The BSI Large Manufacturing Conditions Index rose from 0.1 to 21.6 in the 4th quarter. In the 3rd quarter, the index had risen from -52.3 to 0.1.

The Japanese Yen moved from ¥104.276 to ¥104.282 upon release of the figures. At the time of writing, the Japanese Yen was down by 0.03% to ¥104.26 against the U.S Dollar.

Elsewhere

At the time of writing, the Aussie Dollar was down by 0.04% to $0.7444.

The Day Ahead:

For the EUR

It’s a quiet but important day ahead on the economic calendar. While there are no material stats due out to provide the EUR with direction, the ECB is in action later today.

The promise of support has been made, as the Eurozone economy struggles amidst the 2nd wave of the COVID-19 pandemic.

With the markets expecting further easing, the ECB Press Conference will garner plenty of interest.

Away from the economic calendar, COVID-19 and Brexit news updates will also be in focus.

At the time of writing, the EUR was up by 0.01% to $1.2082.

For the Pound

It’s a busy day ahead on the economic calendar. Key stats include October industrial and manufacturing production, trade, and GDP figures. Expect the manufacturing production and GDP figures to have the greatest impact.

With the EU Summit due to take place later today, however, Brexit will be the main area of focus on the day. A lack of concrete progress from Wednesday’s meeting weighed on the Pound early on.

At the time of writing, the Pound was down by 0.10% to $1.3385.

Across the Pond

It’s a relatively busy day ahead on the economic calendar. November inflation and the weekly jobless claims figures are due out.

While the inflation numbers will draw interest, expect the weekly claims figures to have a greater influence on the Dollar and market risk sentiment.

Away from the economic calendar, COVID-19 news and chatter from Capitol Hill will continue to influence.

At the time of writing, the Dollar Spot Index was down by 0.05% to 91.042.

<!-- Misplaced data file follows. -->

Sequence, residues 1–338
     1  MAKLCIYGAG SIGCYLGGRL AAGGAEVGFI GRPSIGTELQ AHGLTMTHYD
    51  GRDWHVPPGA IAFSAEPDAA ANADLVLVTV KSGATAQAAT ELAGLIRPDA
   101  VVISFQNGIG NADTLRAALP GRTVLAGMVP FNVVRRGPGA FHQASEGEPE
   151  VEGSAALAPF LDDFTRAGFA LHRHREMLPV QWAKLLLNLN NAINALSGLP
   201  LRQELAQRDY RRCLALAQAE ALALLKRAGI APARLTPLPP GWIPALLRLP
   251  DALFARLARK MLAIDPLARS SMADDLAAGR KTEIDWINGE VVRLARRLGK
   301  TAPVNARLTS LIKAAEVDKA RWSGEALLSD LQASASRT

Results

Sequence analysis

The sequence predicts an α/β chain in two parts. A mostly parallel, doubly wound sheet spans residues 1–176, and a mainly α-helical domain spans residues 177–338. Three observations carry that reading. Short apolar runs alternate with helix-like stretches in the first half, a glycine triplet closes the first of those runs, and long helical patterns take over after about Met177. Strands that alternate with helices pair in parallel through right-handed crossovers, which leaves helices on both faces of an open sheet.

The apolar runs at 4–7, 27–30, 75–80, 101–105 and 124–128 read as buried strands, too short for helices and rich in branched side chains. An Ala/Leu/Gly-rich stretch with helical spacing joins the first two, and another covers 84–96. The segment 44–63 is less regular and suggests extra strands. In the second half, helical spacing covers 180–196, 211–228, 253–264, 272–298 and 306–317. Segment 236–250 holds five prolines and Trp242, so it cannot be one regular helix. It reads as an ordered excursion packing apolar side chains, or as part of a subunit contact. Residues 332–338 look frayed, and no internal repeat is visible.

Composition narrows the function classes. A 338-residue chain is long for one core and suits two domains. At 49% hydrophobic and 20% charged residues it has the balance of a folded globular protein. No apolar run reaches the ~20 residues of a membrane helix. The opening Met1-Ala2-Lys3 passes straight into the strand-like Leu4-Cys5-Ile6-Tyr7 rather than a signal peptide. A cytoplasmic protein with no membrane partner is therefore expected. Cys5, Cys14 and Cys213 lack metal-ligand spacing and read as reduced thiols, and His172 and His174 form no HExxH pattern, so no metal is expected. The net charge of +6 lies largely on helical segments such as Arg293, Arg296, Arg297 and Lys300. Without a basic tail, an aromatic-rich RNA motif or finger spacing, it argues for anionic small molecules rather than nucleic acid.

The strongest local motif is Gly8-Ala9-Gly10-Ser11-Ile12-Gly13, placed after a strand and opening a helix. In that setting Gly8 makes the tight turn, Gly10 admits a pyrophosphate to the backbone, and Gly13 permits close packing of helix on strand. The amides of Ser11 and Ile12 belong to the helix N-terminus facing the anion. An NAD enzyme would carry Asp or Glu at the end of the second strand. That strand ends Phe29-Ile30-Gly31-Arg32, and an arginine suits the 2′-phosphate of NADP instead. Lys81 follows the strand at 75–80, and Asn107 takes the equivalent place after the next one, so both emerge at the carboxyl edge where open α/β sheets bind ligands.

For the Loonie

It’s a quiet day ahead on the economic data front. There are no material stats due out to provide the Loonie with direction. The lack of stats will leave the Loonie in the hands of COVID-19 news updates and chatter from Capitol Hill.

At the time of writing, the Loonie was down by 0.02% to C$1.2819 against the U.S Dollar.

For a look at all of today’s economic events, check out our economic calendar.

Brexit – Hope Returns as Boris Heads for Brussels

The Latest

After the doom and gloom from the weekend and continued lack of progress, a glimmer of hope returned to the Brexit table.

British Prime Minister Boris Johnson and EU President Ursula von der Leyen held a call earlier in the week that ended in an agreement for a face-to-face.

Today the British Prime Minister heads to Brussels with the hopes of a Brexit deal riding on today’s visit.

Until now, European and British negotiators have failed to close the gap on the three key issues. These have ultimately been the main areas of contention throughout the year.

The fact that neither side has shown any desire or willingness to yield raised the prospects of a no-deal Brexit on Monday.

We saw the Pound see red for 3 consecutive days, culminating in a current week low of $1.32238 before support kicked in.

The Brexit Hurdles

For Boris Johnson and Ursula von der Leyen, the main areas of focus will be UK fisheries, business competition rules, and how any Brexit deal would be policed.

As far as the Brexiteers are concerned, leaving the EU means prising Britain away from the rules of the European Union. The EU sees this differently, however, particularly with regards to business competition rules and the policing of any deal.

A trade agreement hangs in the balance and, while Britain wants to be free of the EU’s chains, the need for a trade agreement suggests that some strings will need to be attached to any agreement.

Earlier in the summer, there was also the introduction of the Internal Market Bill that caused much clamor on both sides of La Manche.

Even the President-Elect made his feelings known ahead of the Presidential Election.

This week, Johnson has announced a willingness to remove contentious clauses that were seen to jeopardize the Good Friday Agreement.

The move should not only smooth things over ahead of today’s meeting but also with the incoming U.S administration. Assuming Johnson goes ahead with the amendments to the Bill, it would also put a U.K – U.S trade agreement back on the table.

The Pound

At the time of writing, the Pound was up by 0.20% to $1.33775. While eyeing a 1st daily gain in 4, much will depend on Boris Johnson’s business dinner with the EU President.

For the Pound, a positive outcome to the meeting will be needed to support current levels. While the markets are not expecting a Brexit deal from the dinner, the meeting will need to pave a way forward. This would then allow for negotiators to resume talks in the coming days.